It seems the Angels are fixed on working in pairs* this winter. The club has made two trades with the Dodgers, two waiver claims from the D’Backs, a trade and a waiver claim with the Astros, a trade and a Rule 5 Draft selection with the Rockies, and, now, two trades with the Rays: The Halos acquired veteran outfielder Matt Joyce from Tampa Bay in exchange for Kevin Jepsen on Tuesday, giving the team some much-needed depth at designated hitter and an extra lefty bat to man the outfield corners.
Joyce, 30, immediately bolsters what were very low expectations at DH next season. ZiPS projected the tag team of C.J Cron, Josh Hamilton, Albert Pujols, and Efren Navarro to combine for 0.7 WAR at the position in 2015, which was the second-lowest expected total for an AL team. With Joyce added to the mix, that total jumps to 1.6 WAR, right into the middle of the pack.
Jerry Dipoto is saying that Joyce will serve as the primary DH, but I’d be surprised if that title is more than semantic. In a league that’s still dominated by right-handed pitchers, of course the lefty hitter would be the primary guy. That doesn’t necessarily mean he’ll start every game. For as good as Joyce is at crushing righties (.355 wOBA!), he’s undeniably terrible (.257 wOBA) against southpaws. Knowing that—and you can bet the Angels are well aware of the dichotomy—there’s no reason for Mike Scioscia to start Joyce against lefties when Cron is waiting in the wings. For all C.J.’s troubles with plate discipline, I think he can be counted on to at least be better than Joyce vs. LHPs. Cron didn’t have much of a platoon split in 2014, but his K rate was seven percent better when he had the handedness advantage.
Oddly, Joyce has always been a much better player in the first half than the second. Over the last four years he’s averaged a 145-point drop in OPS after the All-Star break, and for his career holds a .356 wOBA vs. a .325 wOBA between the two halves. There’s no way of knowing what causes his annual second-half dip in numbers, but I think it’s safe to say it’s more than just random noise, and thus is something to be addressed. Just how the Halos plan on dealing with his seemingly inevitable post-ASB decline is unknown, but it should be interesting to keep an eye on.
Joyce is expected to make ~$5 million this winter–his final season of arbitration–which represents only about a $2.5 million pay hike over what the club would have paid Jepsen. If we assume Jepsen would have earned roughly $4 million next season, his final arbitration year, then the Halos just saved a couple million. Sort of. Not really.
In Kevin Jepsen, the Angels lose a late-innings reliever who appeared to be finally coming into his own in 2014. The right-hander, also 30, posted career bests in just about every meaningful statistical category last season, including earned-run average (2.63), innings pitched (65), and strikeouts per nine (10.4). If you believe that Jepsen is a safe bet to repeat that performance next year, then his loss is pretty massive hit to the bullpen. If you’re like me, though, and believe that relievers are the biggest gambles in the game and that there was a slim chance he’d ever be that good again—Hello, .547 OPS-against!—then his jettison to St. Petersburg looks like a master stroke. Two years of a solid but injury-prone reliever for one year of an affordable, quality lefty bat? Yes, please.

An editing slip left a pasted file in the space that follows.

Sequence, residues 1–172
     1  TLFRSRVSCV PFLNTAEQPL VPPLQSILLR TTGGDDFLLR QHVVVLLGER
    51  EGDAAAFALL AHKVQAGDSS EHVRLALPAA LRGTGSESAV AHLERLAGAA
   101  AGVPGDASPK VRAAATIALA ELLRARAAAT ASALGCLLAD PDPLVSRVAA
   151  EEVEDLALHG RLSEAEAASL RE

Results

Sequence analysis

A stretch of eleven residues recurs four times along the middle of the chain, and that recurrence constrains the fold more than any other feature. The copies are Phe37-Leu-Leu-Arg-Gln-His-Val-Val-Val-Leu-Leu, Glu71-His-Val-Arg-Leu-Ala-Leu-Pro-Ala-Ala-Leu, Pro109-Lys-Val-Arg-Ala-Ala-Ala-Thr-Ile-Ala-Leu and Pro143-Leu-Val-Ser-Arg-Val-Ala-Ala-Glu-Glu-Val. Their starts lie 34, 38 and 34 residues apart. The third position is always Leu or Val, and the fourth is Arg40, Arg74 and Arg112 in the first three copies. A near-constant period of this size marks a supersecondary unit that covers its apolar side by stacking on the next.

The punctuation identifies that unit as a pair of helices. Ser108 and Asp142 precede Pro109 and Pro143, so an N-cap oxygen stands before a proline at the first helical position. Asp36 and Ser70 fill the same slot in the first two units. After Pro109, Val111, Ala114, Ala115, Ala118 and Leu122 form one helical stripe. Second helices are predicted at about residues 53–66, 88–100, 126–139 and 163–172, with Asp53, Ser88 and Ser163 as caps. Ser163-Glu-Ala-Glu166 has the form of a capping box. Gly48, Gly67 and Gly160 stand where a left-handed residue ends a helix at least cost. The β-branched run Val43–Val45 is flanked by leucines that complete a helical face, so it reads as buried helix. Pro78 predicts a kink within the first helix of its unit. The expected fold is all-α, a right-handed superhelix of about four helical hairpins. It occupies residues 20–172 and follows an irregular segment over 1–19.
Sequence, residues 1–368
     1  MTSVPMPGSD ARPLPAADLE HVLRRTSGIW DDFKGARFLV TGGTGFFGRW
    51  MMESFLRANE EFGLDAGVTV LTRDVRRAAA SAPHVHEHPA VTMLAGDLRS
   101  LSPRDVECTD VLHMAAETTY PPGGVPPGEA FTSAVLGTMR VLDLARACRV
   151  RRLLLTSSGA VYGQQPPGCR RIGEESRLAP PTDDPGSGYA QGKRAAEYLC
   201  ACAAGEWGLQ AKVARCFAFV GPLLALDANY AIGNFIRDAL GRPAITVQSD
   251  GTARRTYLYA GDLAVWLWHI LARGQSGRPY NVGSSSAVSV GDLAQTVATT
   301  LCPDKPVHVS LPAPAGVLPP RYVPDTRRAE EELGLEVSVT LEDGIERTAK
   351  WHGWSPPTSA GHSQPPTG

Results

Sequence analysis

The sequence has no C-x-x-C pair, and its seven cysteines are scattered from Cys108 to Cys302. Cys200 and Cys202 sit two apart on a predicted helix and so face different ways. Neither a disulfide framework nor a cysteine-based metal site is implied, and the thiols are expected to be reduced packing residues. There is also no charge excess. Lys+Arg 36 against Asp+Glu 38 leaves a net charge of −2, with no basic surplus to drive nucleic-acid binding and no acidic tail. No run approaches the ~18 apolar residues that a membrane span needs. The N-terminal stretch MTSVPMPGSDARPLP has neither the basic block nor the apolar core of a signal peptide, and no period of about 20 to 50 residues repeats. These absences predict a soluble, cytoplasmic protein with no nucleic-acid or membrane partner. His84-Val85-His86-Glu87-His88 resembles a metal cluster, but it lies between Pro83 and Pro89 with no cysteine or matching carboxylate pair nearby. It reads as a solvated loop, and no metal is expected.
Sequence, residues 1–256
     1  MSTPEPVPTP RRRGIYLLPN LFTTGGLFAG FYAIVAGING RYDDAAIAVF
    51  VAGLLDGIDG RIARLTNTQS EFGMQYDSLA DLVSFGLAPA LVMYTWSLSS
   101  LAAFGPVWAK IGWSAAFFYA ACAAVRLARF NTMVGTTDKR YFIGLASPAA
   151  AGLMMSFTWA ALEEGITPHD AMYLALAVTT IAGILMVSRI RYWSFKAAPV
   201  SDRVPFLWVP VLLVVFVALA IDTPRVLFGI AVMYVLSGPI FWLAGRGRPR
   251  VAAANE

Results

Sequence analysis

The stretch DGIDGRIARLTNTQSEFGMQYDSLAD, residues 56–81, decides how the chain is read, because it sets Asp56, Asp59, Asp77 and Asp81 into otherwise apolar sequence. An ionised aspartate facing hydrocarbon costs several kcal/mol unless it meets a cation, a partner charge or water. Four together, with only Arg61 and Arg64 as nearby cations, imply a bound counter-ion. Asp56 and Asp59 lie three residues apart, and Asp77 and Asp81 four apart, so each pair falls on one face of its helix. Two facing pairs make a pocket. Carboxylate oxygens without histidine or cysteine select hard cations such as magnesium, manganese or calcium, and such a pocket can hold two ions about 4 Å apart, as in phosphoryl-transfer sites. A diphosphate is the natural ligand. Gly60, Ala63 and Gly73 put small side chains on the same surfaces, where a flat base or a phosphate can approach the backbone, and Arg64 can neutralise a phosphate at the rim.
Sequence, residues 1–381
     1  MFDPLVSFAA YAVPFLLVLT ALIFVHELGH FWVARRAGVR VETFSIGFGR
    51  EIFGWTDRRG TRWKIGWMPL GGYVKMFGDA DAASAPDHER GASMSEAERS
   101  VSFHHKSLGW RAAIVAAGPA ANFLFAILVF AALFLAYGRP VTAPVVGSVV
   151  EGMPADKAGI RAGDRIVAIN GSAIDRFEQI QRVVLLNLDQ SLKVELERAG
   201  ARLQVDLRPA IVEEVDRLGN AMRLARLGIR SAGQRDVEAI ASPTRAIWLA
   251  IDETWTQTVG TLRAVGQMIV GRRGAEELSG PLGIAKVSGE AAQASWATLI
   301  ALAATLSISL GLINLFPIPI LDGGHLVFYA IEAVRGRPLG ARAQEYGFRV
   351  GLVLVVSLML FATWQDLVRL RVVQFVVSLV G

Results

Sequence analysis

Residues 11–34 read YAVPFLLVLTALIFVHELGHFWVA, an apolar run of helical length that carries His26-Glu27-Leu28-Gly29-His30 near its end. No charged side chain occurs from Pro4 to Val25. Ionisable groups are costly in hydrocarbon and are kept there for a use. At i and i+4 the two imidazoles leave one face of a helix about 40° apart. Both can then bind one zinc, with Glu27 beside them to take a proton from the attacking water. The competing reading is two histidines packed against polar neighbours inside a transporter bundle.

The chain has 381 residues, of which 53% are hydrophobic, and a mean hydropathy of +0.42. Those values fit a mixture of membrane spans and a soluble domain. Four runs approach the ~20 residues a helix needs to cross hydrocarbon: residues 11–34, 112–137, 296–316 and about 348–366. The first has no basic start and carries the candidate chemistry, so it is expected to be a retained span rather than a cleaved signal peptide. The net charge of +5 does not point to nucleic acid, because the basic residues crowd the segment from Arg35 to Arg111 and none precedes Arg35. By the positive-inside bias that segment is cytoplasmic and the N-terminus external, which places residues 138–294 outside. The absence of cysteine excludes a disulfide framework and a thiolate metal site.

Even without Jepsen (and Jairo Diaz), the Halos still have a powerful and deep relief corps on their hands. Huston Street, Joe Smith, Mike Morin, Cesar Ramos, Cory Rasmus, Fernando Salas, and Hector Santiago/Vinnie Pestano should be more than enough to keep teams off the board in the late innings. And should one of them get hurt? There’s still Cam Bedrosian, Drew Rucinski, Jeremy McBryde, Danny Reynolds, and Trevor Gott standing by to fill in. Mourn the loss of a long-tenured Angel, but not what it might mean for the bullpen. It’s still in very good shape.
The one thing that gives me pause about this deal is that it’s cemented in many minds the notion that Mike Trout will hit third in 2015. This is a terrible idea. As I’ve written before, optimal lineup construction isn’t the big game-changer that many want it to be, unless it involves Mike Trout. He has been so much better than everyone else the last three seasons that willfully choosing to give him fewer plate appearances—which is all moving to the three hole actually does for sure—should be grounds for excommunication from Major League Baseball. With the combination of Iannetta and Aybar at the bottom of the lineup, Trout gets all the run-producing opportunities he needs batting second—he did just lead the league in RBI, did he not? Slotting Matt Joyce into the two hole, .342 OBP and all, isn’t going to make a difference on that front.
A potential Opening Day lineup, as things stand:
*I guess we should expect a second transaction with the Rangers any day now…